NCAA Weekly Performers, 2/26/10

NCAA Weekly Performers, 2/26/10
Feb 26, 2010, 01:47 pm
Updated scouting reports on Willie Warren, Jerome Jordan, Kemba Walker and Malcolm Lee.

Willie Warren, 6-3, Sophomore, Shooting Guard, Oklahoma
16.3 points, 3.3 rebounds, 4.1 assists, 3.8 turnovers, 1 steal, 44% FG, 80% FT, 31% 3P

Jonathan Givony

Few players in recent memory have seen their NBA draft stock and overall reputation take as big of a hit as Willie Warren’s has this past season. Considered a likely top-10 pick had he elected to declare a year ago, Warren decided to stick around for another season and has seen his stock plummet to the point that it’s anyone’s guess where he might be picked at this point.

Some terrible losses early in the season, being benched in one game for undisclosed reasons, getting called out by his head coach in the national media at one point for his immature behavior, a nagging ankle injury that seemingly won’t heal, an untimely bout of mononucleosis–it’s tough to see how this season could have possibly gone any worse for the super talented sophomore.

It’s been a disaster for Oklahoma as well, as they’ve gone from being ranked in the top-10 in some preseason polls to sporting a 13-14 overall record and a disappointing 4-9 in the Big 12. His head coach Jeff Capel has pointed the finger directly at the player he convinced to return to school, repeatedly discussing agendas, a failure to buy in and showing off for NBA scouts as some of the reasons his incredibly talented team has underachieved so badly.

Warren’s on-court production has taken a significant hit in virtually every category. His 2-point percentage is down 5%, his 3-point percentage is down 6%, his turnover rate has nearly doubled and his assists and scoring are only up slightly in turn. Clearly playing alongside the best player in college basketball last year in Blake Griffin was far easier than the two hot-shot freshmen McDonald’s All-Americans that replaced him--Tiny Gallon and Tommy Mason-Griffin--who obviously have their own agendas and difficulties in regards to playing winning team basketball.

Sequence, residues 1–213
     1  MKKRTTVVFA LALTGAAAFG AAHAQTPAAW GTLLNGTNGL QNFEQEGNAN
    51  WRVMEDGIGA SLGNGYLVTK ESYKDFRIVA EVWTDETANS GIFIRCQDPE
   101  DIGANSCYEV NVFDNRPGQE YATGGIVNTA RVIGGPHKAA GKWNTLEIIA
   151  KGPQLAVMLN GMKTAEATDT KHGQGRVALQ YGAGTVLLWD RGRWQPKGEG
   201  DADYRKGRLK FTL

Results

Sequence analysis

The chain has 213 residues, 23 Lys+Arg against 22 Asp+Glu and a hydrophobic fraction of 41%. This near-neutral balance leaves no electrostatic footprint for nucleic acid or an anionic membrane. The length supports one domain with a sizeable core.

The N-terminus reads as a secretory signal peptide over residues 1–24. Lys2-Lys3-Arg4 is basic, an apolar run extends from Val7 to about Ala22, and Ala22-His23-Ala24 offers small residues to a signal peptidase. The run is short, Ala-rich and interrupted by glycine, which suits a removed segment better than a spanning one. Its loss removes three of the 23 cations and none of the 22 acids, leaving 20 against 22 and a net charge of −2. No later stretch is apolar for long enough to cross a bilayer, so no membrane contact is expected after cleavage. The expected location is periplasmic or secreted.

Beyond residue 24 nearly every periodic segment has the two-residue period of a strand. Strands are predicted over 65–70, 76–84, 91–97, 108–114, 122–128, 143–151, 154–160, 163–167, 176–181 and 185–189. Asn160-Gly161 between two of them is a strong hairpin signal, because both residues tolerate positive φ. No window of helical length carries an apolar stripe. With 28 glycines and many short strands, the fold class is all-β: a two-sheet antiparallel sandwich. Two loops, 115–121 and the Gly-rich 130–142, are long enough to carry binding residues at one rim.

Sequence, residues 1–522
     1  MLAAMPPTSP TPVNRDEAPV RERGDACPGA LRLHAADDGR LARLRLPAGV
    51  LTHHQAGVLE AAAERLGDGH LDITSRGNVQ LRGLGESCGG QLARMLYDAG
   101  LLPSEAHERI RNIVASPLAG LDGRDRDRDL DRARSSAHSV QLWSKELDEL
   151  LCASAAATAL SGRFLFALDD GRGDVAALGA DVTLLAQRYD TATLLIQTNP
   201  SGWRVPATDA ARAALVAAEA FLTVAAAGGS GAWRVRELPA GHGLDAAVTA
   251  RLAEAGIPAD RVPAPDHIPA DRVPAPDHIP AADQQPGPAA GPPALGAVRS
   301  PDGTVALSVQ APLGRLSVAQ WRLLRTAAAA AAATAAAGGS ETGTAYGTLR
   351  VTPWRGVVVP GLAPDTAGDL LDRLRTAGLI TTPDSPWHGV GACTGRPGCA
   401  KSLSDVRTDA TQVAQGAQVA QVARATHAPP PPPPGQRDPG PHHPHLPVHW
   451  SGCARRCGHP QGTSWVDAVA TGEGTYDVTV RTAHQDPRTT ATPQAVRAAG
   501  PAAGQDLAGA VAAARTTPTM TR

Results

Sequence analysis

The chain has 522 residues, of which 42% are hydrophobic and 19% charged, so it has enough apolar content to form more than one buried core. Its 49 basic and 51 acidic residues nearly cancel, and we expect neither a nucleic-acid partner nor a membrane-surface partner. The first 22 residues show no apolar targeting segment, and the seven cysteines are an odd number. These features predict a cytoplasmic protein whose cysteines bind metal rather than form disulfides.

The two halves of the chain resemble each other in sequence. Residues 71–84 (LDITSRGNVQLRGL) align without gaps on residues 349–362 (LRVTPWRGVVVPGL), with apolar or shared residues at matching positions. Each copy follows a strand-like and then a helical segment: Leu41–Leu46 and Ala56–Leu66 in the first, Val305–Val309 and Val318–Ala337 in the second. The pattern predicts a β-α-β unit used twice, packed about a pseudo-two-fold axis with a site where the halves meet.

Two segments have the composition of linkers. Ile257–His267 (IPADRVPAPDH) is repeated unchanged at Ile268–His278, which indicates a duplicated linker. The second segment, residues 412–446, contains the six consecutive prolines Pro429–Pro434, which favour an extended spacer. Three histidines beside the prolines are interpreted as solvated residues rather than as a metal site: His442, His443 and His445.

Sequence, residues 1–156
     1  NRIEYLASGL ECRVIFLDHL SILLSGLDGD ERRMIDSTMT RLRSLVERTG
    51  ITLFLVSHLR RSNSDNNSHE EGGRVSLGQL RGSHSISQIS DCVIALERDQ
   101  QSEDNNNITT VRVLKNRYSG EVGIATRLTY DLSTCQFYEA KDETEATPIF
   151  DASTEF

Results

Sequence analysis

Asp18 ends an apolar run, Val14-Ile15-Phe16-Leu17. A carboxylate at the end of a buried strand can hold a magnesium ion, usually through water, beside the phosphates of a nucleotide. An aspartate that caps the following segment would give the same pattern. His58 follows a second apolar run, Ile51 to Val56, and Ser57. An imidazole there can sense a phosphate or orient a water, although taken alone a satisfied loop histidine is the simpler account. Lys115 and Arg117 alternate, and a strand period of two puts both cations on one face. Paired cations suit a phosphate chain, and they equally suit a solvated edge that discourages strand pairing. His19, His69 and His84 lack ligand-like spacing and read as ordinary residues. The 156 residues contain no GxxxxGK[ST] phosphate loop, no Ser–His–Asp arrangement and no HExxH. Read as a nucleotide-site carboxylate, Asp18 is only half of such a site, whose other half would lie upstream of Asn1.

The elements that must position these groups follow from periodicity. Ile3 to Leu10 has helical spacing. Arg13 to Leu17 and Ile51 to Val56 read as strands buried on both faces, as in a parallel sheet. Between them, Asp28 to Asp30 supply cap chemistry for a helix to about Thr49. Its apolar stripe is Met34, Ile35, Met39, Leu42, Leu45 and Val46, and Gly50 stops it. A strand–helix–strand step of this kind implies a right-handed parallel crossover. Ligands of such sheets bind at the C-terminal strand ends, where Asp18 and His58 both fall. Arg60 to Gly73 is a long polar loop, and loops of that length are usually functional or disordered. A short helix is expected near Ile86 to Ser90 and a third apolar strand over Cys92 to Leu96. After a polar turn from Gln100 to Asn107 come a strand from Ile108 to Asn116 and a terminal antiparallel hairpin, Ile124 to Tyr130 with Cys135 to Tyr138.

Warren’s role in Oklahoma’s offense has changed significantly in turn from last year to this, as he’s gone from being a complimentary spot-up shooter, transition finisher and occasional pick and roll player to a guy expected to shoulder a significant amount of the team’s half-court offense, often through his one on one play.

The place where Warren is struggling the most is with his jump-shot, as he just can’t seem to knock down catch and shoot jumpers at the same rate as he did last season. Much of this obviously has to do with the quality of looks he’s getting, as feeding off the double-teams Blake Griffin garnered on a regular basis is a lot easier than having to create all of his open looks himself. Losing a pass-first point guard in senior Austin Johnson and seeing him replaced with a wild, ball-dominant freshman in Tommy Mason-Griffin obviously hasn’t helped either.

Warren’s shot-selection isn’t doing him any favors, though, as you regularly see him spotting up for jumpers a good 3-5 feet beyond the NCAA 3-point line. Although he’s shown the ability to make this shot, there is simply no good reason for him to be taking such difficult attempts.

While Warren is surely a better shooter than the 31% he’s making from beyond the arc this season, he needs to do a better job of understanding his limitations and not rushing as many contested look as he does each game. Still, it’s surprising to see him convert on just 30% of his wide-open spot-up jumpers (according to Synergy Sports Tech) considering his consistent, compact form and excellent touch.

Warren has improved his ability to make shots off the dribble, something he’s been forced to do in his newly featured role. He’s converting an excellent 44% of his pull-up jumpers, again showing that outstanding knack for throwing the ball in the basket that had NBA types so excited about his prodigious scoring instincts this time last year.

As a shot-creator is exactly where Warren continues to show the most potential as an NBA player. Despite all of his shortcomings this season, his terrific talent is always looming in the background, reminding you how good he could become down the road if he’s ever able to put it all together.

Warren has a great first step and is extremely strong with the ball, being capable of simply overpowering his man on the way to the basket, but also possessing the body control and agility to contort himself and get his shot off in a variety of ways. He takes contact extremely well around the rim, drawing fouls at a solid rate, and finishes acrobatically with terrific touch and instincts, showing a variety of floaters, runners, scoop-shots and all kinds of other elegant moves. His skill-level is, once again, obviously incredibly high, but he just doesn’t always know how to harness it on a consistent basis, eventually getting out of control.